The Barrow Administration has reviewed the country’s 2017 budget and the long-awaited National Action Plan, which pro-democracy campaigners say is long overdue.
The Barrow government has come under pressure to release its development blueprint but acting Vice President Fatoumata Tambajang called for patience.
President Barrow took over the country from Yahya Jammeh after two months of political turmoil that saw West African troops deployed to the longtime ruler.
Gambians are expecting rapid growth and employment opportunities in a country where illegal migration to Europe has taken a toll on its workforce.
The European Union has pumped in some $82 million dollars to help jumpstart the economy and curb the migration crisis. More than $23 million dollars of the sum will be used to create jobs.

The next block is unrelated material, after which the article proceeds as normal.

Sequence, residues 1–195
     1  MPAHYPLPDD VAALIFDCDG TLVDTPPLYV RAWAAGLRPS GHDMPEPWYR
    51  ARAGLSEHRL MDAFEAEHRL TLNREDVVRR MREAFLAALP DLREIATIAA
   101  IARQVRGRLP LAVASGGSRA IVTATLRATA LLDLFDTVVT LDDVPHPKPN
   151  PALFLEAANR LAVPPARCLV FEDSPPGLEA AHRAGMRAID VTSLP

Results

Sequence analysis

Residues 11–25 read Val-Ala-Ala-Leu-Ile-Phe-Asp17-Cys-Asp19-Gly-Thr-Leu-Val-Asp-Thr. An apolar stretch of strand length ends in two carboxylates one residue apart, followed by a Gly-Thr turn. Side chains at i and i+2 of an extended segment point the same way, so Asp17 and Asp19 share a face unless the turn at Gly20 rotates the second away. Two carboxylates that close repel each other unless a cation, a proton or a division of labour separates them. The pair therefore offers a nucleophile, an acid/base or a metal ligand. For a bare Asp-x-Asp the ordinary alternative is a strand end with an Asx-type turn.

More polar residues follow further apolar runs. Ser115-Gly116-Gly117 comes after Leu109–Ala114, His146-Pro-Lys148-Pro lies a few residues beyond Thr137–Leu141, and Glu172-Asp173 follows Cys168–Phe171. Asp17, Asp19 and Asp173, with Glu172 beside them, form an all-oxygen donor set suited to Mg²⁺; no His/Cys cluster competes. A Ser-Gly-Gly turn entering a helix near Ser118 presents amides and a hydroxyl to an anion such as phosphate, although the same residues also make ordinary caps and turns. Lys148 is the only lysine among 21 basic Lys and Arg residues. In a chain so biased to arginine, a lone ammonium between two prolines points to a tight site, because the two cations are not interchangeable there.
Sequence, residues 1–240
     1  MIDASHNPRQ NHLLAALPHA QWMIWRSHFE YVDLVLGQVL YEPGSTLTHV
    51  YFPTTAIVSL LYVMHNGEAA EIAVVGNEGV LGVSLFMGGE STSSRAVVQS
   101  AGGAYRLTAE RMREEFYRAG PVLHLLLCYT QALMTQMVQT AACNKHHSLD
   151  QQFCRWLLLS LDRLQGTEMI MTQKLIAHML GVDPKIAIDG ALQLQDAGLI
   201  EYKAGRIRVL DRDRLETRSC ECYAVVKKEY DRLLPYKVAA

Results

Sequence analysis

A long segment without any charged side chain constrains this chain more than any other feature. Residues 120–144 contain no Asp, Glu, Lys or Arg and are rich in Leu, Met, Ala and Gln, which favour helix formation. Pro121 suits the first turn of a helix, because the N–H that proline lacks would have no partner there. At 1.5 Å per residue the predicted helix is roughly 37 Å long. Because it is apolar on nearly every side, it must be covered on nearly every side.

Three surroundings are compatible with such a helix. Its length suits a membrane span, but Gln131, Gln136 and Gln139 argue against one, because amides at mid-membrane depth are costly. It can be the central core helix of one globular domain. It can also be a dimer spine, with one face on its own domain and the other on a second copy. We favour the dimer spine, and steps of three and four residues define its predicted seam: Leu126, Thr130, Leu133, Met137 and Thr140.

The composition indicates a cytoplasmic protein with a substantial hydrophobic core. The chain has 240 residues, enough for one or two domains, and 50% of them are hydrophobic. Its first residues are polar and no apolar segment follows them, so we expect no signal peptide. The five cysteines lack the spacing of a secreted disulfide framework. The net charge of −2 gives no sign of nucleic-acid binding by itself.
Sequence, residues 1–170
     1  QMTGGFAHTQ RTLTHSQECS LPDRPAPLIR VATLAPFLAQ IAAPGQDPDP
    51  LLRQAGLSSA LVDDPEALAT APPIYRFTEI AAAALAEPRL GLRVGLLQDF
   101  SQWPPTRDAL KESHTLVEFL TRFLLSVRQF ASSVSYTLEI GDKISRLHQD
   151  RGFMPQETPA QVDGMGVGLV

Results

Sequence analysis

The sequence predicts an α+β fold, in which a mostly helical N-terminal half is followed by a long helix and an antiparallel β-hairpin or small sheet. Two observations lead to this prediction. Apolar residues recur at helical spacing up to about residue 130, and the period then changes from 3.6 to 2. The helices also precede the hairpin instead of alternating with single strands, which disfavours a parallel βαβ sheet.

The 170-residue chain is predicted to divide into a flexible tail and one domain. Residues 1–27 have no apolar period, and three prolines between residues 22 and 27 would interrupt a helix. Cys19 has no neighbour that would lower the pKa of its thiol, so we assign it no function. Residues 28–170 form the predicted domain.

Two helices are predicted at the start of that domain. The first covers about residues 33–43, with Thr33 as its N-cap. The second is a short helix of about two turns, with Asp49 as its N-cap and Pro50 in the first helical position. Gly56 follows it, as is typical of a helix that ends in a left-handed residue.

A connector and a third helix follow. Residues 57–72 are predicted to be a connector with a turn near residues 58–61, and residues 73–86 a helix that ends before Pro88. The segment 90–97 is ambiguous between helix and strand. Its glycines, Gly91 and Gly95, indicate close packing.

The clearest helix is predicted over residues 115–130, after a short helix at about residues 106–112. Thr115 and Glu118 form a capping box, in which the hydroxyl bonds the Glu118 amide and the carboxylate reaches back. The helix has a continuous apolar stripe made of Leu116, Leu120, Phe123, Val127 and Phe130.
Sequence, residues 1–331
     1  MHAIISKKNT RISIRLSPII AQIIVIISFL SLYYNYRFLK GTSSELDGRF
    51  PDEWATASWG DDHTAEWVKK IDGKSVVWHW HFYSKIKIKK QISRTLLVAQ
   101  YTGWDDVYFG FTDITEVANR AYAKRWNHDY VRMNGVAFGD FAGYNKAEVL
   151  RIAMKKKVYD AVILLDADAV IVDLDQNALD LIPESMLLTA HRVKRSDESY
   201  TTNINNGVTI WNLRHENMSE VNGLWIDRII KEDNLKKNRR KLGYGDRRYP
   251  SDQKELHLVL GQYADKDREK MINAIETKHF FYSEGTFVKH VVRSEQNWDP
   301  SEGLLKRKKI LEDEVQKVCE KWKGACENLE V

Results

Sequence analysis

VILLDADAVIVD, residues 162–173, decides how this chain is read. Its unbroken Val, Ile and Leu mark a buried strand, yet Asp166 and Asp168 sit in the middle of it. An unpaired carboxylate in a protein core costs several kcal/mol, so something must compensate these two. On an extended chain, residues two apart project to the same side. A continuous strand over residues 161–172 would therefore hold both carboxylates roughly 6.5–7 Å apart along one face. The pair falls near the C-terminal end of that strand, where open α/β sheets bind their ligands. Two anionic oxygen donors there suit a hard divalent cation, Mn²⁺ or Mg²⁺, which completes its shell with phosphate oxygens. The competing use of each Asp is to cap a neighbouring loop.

When Jammeh left the Gambia, the economy was left nearly insolvent with the national treasury heavily depleted. He is now accused of corruption and financial mismanagement.
Gambia’s government spending is in need of radical changes. More money is dedicated to the Office of the President than to education, energy, and other critical economic sectors.
The country is struggling to meet its energy needs, shying away investors. Power cuts and water shortages are frequent with the state-owned power company only able to generate less than 40% of demand.
The budget and blueprints are yet to be made public but their revision will help to temporarily diffuse and ease the pressure on the government to have them released immediately.